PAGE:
American Airlines B777-300ER Business Class
I arrived at Los Angeles International Airport at 1400, extremely early for my 1830 departure on AA136 to London Heathrow. American Airlines flights depart from Terminal 4. I had taken a flight out to New York a few days previously, also on the B777-300ER. To read that flight review, click here
After being dropped off by taxi, and since I had carry-on baggage only, I walked to check-in which was in the premium area at one end of the terminal and then took the elevator up to have my passport checked and go through security. From there it was only a short walk to the lounge.
Business class passengers have access to the Admiral's Club Lounge in Terminal 4, which is close to Gate 40.
If you are a gold card with BA, then you are Emerald in the Oneworld Alliance and so gain access to the Flagship Lounge. Access to these Flagship lounges is subject to many rules, and indeed I had been told at check-in that, despite being Emerald, I was not eligible to get into the Flagship Lounge because I was flying on a three-class flight (i.e. with First). I don't know if that is true but to see the full criteria, click here.
As I was so early for my flight, and very hungry, and despite the fact that I had been told I could not get in, I asked again at the Admiral's Club reception and was given a key card.
I then took the elevator up one level. A second Admiral’s Club Lounge reception desk is here, with the Lounge being on both the left and right — you can go either way because it loops round the elevator shaft behind you and takes up the whole of this upper level. I turned right and then left as I got to some windows looking down to the concourse level, and used the key card to open some sliding opaque glass doors.
Inside was another reception desk. Feeling a little like Alice in Wonderland, I handed over my key and gained admittance to the Flagship Lounge.
It was not at all depressing like most lounges in American airports. There are floor-to-ceiling windows looking down onto the gates, comfortable chairs and a wide choice of both hot and cold food. I was told I was so early I would see that choice change. The offerings during the course of the day are as follows:
- "The Fresh Start" (Continental Breakfast)
- "Flagship Café" (Light Lunch)
- "Afternoon Tea"
- "Flagship Supper"
- "Late Night Bite" (New York JFK, Los Angeles and Chicago O'Hare only)
I have to say the offering did not seem to change for the four hours I was there from 1400 until 1800 and it was more Light Lunch than Flagship Supper, but I found plenty to eat among the salads, hot main course and drinks.
On a couple of occasions I walked out into the large Admiral's Lounge. This also has lots of natural light being above the concourse level and looking down onto the gates.
Although most flights aren't called from the lounge, London and Brisbane are. I didn't wait for that, though, and walked down to the gate (41) which was only a short walk away at 1800 where boarding had already commenced. I used the Priority Queue and went straight onboard.
Once onboard a flight attendant said hello and waved me to the left since I was in the front cabin of the two business class cabins. This was my third flight in premium cabins with AA in three days, and this obviously is the way they've been told to greet passengers. Not only do they not check your boarding pass, they assume you know where you're going and don't need a smile to get there.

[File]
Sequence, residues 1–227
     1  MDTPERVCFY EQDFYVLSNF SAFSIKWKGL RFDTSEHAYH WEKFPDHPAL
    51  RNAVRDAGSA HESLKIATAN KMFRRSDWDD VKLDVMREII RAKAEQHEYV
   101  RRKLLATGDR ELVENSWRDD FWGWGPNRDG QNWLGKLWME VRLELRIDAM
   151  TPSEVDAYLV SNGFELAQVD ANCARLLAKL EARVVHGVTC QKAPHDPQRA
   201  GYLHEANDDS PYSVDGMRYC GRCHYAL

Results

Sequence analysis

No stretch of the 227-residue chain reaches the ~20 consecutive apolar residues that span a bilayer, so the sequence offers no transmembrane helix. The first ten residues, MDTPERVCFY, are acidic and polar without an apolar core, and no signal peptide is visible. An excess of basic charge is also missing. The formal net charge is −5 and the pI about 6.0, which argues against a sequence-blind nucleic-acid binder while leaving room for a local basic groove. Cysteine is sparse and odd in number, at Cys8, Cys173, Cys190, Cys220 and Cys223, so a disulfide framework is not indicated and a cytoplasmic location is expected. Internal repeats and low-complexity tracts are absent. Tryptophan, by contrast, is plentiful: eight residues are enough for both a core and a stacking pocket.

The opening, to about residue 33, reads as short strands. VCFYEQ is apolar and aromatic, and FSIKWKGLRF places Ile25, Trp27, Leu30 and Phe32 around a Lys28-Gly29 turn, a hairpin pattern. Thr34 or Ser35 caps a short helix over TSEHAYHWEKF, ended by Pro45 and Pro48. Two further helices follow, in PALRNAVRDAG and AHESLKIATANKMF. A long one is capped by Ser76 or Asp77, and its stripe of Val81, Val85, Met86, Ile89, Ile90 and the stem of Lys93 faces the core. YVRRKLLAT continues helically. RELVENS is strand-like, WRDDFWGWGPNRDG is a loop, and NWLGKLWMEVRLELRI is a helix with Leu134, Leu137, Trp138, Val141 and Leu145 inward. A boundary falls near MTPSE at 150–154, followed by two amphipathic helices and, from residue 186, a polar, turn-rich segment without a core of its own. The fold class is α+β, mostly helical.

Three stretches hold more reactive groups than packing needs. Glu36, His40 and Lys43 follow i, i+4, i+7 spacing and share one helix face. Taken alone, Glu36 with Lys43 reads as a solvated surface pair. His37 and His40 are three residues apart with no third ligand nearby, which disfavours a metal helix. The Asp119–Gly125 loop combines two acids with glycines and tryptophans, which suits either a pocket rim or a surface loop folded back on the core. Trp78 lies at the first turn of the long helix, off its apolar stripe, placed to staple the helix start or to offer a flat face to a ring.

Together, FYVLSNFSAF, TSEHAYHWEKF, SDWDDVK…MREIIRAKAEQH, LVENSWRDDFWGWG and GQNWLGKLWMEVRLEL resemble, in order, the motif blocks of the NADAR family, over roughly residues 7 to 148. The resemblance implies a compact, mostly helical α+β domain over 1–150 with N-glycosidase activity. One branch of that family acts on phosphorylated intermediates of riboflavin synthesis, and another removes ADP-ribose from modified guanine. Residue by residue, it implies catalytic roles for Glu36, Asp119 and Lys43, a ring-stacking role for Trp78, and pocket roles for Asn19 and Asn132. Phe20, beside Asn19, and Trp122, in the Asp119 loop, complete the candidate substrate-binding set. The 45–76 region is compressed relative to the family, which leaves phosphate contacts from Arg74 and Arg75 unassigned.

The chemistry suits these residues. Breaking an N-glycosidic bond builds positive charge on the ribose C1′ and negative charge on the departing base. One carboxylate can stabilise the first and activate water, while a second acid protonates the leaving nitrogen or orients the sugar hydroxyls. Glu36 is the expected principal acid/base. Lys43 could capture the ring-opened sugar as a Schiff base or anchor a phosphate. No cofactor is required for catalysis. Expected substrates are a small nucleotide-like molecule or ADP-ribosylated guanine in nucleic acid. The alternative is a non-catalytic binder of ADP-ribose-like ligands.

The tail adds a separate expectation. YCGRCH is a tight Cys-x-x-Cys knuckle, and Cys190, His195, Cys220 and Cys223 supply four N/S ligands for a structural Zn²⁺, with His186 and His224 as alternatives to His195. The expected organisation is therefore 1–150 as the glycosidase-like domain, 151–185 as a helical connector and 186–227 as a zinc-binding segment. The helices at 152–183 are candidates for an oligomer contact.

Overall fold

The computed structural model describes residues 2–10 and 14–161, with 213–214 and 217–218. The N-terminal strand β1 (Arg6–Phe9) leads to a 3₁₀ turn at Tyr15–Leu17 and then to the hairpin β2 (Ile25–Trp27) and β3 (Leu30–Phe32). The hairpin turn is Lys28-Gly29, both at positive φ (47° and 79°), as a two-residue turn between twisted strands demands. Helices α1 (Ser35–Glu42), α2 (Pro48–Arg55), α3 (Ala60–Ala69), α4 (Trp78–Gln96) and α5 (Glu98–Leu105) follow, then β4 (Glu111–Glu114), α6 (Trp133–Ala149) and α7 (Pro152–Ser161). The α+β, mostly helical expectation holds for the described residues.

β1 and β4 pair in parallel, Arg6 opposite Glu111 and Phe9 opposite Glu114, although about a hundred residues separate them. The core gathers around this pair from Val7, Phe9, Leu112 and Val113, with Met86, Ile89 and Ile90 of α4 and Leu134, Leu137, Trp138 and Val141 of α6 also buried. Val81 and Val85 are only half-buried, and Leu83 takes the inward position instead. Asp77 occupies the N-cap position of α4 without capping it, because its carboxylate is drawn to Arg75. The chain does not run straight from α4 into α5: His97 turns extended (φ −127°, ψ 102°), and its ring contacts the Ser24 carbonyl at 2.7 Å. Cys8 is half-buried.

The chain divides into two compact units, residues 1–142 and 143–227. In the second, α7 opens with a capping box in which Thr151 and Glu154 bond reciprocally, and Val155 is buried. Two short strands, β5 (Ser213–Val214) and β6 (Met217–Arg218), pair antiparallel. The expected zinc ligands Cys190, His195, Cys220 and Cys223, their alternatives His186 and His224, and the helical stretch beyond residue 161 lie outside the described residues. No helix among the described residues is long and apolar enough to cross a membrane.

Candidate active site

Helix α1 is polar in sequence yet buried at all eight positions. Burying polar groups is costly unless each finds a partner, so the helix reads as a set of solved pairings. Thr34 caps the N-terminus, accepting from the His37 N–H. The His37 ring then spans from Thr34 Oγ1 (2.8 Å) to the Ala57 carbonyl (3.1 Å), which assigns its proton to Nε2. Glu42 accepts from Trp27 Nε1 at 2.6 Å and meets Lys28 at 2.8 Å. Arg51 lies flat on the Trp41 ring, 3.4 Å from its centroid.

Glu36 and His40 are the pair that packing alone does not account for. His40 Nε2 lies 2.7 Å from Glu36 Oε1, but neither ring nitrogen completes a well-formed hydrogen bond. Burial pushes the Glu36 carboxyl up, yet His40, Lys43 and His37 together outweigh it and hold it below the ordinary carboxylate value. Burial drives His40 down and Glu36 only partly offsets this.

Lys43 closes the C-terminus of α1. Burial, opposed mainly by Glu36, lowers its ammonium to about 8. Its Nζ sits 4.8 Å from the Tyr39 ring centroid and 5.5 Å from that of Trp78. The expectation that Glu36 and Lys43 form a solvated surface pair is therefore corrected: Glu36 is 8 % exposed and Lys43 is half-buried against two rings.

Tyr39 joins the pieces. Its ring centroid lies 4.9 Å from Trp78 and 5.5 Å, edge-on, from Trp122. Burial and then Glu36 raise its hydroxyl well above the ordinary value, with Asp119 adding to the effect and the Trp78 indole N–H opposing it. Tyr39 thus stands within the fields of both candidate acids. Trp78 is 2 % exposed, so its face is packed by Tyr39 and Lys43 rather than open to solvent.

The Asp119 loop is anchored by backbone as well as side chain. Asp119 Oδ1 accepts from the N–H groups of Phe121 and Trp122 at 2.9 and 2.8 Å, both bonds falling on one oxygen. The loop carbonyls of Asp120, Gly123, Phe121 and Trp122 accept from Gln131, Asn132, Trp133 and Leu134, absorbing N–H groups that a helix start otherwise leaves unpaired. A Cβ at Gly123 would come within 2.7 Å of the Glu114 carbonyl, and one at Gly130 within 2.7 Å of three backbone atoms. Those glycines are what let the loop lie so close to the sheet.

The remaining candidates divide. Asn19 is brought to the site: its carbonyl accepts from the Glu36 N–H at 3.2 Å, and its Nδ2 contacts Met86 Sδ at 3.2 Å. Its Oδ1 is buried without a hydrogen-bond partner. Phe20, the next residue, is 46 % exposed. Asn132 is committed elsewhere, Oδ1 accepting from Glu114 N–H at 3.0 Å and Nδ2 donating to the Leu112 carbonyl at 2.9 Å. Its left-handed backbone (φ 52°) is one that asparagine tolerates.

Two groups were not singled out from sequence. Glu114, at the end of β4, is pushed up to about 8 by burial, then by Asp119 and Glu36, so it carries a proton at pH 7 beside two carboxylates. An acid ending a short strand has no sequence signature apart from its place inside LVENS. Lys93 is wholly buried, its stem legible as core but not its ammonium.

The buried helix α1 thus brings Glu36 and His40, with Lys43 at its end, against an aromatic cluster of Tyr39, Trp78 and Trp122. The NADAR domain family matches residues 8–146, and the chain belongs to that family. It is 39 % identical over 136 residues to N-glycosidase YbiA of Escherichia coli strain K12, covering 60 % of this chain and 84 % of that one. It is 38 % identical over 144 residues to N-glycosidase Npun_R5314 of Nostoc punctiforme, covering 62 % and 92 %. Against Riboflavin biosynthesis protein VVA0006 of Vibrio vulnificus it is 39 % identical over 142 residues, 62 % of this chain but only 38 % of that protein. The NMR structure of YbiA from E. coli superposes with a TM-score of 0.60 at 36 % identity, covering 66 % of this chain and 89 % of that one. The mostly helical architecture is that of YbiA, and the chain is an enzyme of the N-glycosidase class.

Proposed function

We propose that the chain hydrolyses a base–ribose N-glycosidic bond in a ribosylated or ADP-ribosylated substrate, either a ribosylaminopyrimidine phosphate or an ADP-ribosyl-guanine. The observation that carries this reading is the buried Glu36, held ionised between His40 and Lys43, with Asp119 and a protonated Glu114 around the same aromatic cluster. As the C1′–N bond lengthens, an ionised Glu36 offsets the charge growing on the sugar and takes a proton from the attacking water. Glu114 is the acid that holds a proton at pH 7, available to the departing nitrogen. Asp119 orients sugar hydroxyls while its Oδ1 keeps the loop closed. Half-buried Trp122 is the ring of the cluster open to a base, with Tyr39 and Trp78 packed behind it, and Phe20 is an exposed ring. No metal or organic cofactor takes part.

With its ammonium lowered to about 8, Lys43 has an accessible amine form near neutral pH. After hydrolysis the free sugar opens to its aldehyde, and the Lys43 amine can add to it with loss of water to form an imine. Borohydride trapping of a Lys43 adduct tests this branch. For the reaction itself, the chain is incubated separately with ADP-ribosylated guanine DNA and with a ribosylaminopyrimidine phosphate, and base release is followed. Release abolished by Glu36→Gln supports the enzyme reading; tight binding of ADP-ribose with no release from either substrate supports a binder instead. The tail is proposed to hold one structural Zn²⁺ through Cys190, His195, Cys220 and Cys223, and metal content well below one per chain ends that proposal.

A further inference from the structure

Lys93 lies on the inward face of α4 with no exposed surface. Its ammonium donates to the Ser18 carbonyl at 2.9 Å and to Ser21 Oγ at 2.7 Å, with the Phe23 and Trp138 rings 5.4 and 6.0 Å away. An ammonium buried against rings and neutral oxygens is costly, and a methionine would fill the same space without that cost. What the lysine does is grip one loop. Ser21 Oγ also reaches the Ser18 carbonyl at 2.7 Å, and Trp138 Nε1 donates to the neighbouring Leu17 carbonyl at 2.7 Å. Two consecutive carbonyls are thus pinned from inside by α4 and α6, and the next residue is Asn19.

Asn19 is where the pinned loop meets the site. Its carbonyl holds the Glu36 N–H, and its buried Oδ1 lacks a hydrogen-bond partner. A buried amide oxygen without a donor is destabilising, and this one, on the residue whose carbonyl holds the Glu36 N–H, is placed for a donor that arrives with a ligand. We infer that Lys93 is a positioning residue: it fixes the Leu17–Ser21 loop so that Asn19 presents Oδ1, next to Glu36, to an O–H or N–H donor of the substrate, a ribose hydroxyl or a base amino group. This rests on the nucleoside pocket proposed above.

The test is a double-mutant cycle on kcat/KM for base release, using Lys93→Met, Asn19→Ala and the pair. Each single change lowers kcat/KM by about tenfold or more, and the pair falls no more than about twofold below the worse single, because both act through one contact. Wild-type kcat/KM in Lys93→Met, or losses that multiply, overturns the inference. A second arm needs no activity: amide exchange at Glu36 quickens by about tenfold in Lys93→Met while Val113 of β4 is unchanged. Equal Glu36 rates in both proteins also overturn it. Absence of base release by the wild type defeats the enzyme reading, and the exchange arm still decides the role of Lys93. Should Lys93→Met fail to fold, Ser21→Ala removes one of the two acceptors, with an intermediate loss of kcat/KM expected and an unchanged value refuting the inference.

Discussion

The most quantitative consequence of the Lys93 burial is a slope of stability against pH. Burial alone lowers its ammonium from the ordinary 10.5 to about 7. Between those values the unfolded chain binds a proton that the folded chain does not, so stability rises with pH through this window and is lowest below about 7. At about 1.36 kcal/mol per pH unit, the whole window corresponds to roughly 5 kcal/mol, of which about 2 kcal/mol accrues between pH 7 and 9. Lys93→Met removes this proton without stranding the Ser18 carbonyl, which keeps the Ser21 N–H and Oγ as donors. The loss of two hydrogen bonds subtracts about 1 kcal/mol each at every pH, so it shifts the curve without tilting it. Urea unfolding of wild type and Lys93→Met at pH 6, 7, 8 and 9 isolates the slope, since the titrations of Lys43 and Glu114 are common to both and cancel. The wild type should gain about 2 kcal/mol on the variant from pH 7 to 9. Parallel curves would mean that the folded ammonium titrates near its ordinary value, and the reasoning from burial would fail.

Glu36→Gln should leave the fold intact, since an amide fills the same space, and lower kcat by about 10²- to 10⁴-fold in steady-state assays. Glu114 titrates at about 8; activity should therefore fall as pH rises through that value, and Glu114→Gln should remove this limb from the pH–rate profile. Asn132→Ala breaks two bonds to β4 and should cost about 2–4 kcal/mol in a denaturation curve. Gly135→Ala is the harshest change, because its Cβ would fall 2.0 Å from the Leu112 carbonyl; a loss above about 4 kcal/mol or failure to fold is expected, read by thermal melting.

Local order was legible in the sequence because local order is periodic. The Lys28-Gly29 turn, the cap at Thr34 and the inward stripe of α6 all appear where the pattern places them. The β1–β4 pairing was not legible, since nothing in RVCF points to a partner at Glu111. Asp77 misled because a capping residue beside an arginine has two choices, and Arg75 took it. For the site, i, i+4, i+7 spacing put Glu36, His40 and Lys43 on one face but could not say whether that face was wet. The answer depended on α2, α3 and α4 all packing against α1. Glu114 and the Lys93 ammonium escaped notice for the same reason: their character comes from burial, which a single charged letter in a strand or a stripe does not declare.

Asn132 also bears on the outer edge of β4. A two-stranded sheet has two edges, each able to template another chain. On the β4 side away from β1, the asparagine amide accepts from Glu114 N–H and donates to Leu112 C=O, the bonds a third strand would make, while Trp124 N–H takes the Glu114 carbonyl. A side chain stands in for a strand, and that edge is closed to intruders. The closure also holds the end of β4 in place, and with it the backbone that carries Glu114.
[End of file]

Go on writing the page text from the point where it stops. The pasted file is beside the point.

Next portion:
I stowed my belongings, took off my coat, and draped it over the back of my seat. Drinks were offered (Champagne or orange juice). I asked if I could have some water because I had a headache and wanted to take some pills. The flight attendant said that they had already given out bottles of water. I said if they had then I must have missed out, not having been onboard until a few minutes earlier, so she said she would come back with some water and also to hang my jacket.
In fact, one of her colleagues offered to hang the coat a few minutes later. She did return after about ten minutes and gave all of us a bottle of water each.
I had flown over to New York a few days previously on an American Airlines B777-300ER and so this flight review builds on the observations made there, rather than repeating everything.
The B777-300ER aircraft has eight first class seats, 52 business class seats in two cabins, 30 Main Cabin Extra Seats and 220 Main cabin (economy) seats.
The business class cabin of 52 seats is in two cabins, one small cabin of only two rows, and then the main business class cabin which runs from 5-15. To see a seat plan of the aircraft, click here. I was in the front cabin in 4A for this flight, having flown in the main cabin 9A on the previous one.
There are overhead lockers above all the seats, and the seat has a small amount of stowage, with a space under the tray table for some items, and a magazine pocket.
The angle of the seat also means you can place items (books, magazine) on the seat next to you under the arm of the seat. The table is firm — much better than the one in Club World on British Airways, for instance, and I used the inseat power to keep my laptop going.
AA business class is very similar to many of the business class seats which are flying today (Cathay Pacific and Delta, for instance). It is in a 1-2-1 configuration, with the seats by the window (A and J) facing the windows, and the two middle seats angled towards one another. It offers a large amount of privacy in this configuration. These are excellent seats, good for sitting relaxing, and also when turned into a fully flat bed. To watch a video, click here.
The IFE screen swings out from the side of the seat in front and has to be stowed for take-off and landing. The IFE had some new films just in the two days since I had last flown on the B777-300ER, although whether this was because we were getting towards the end of the month, or just that different films are loaded on different routes, I don't know.
Disappointingly, and for the third flight running in as many days, the IFE wasn't working properly. The audio choices include radio channels and these didn't work, and none of the new films had actually been loaded onto the aircraft, which resulted in many complaints from all cabins since Gravity, All is Lost and Captain Phillips, to name just three, were being promised but then refused to play.